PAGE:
The Swedish government plans to introduce a bill that will give 225,000 kronor (approximately $26,000) to transgender victims of the government’s mandatory sterilisation process, according to Sweden’s health minister.
From 1972 to 2013, Sweden forced transgender citizens to undergo sterilisation if they wanted to change their gender identity on their state documents. According to Time, the Stockholm Administrative Court of Appeal struck down the sterilisation requirement after ruling it unconstitutional in late 2013. Though source reports that “nearly 800 people” were affected by the law, the social strain from its requirements means that the law’s damages to Swedish transgender people are far-reaching.
Currently, activists are pushing for a larger amount from the government, citing there are also personal damages that transpire from forcing a transgender person to be sterilised. “The sum should be at a level that constitutes a real recognition of the excesses of the state,” the Swedish Federation for LGBT Rights president, Frida Sandegard, told a reporter.
Despite Sweden’s reputation as an LGBTQ-friendly and progressive country, the nation has a dark history with sterilisation and eugenics programs. A Mother Jones report from 2012 on Sweden’s transgender sterilisation law reveals “over 60,000 people between 1935 and 1976 were sterilised against their will” within the general populace, including single mothers, social outcasts, Romani groups, and citizens with mixed-race backgrounds.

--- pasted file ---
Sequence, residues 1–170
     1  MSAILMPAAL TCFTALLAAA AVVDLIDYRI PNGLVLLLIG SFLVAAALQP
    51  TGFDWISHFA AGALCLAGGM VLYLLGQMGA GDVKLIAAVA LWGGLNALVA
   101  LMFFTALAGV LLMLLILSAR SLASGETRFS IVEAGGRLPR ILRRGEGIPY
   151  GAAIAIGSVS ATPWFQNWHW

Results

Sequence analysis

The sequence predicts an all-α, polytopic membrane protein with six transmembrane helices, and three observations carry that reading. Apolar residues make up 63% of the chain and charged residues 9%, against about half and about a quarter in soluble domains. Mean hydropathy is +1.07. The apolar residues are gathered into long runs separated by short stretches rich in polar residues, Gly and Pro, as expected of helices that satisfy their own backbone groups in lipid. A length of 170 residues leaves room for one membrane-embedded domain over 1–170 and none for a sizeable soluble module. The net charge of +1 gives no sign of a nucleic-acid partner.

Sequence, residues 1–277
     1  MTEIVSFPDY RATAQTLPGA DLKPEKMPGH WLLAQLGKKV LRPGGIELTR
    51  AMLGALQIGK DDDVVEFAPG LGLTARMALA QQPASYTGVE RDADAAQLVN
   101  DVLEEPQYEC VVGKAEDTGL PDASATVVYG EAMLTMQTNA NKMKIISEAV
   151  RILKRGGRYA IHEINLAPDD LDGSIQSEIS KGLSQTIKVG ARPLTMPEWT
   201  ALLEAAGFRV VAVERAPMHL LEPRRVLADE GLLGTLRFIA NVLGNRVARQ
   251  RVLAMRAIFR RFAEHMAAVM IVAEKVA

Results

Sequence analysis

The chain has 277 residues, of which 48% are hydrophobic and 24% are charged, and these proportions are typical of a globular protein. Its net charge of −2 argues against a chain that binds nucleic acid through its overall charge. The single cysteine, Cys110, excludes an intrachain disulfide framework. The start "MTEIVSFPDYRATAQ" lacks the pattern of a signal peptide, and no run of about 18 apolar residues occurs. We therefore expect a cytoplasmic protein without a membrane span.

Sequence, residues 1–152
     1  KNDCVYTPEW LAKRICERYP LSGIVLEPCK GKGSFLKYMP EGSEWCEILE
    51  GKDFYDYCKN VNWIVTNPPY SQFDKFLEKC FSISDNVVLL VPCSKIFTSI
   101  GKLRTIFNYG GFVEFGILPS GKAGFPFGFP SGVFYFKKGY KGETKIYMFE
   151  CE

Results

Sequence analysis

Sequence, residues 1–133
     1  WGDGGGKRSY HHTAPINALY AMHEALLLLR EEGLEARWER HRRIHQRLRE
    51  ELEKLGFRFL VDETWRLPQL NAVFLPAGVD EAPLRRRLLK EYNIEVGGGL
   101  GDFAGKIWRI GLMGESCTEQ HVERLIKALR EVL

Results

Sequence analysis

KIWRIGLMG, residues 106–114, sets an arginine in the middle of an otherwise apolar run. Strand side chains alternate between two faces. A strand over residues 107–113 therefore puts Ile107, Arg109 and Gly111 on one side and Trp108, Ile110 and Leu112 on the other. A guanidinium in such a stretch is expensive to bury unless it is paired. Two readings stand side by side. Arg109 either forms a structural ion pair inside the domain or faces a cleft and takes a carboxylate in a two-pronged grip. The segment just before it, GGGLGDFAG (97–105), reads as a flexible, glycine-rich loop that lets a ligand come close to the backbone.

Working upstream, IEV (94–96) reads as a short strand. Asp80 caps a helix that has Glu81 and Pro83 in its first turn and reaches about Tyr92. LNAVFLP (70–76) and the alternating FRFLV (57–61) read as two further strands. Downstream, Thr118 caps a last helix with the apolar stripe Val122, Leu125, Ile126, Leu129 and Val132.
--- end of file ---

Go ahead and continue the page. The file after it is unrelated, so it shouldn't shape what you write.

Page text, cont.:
Forced sterilisation legislature against transgender people remains a major problem across Europe today, especially in Central and Eastern Europe. According to a report from the Washington Post in February, Belgium, Croatia, Finland, Greece, Russia, and Switzerland still engage in forced sterilisation requirements for transgender people. In 2016, France began allowing transgender individuals to change their legal documents without sterilisation, according to Teen Vogue, making it one of the last countries in Western Europe to strip the requirement from their laws.
The Post also reports that compensation for forced sterilisation is rare, with Sweden being one of the few countries to engage in the practice. Theoretically, this could lead to a precedent where other countries provide payment to victims.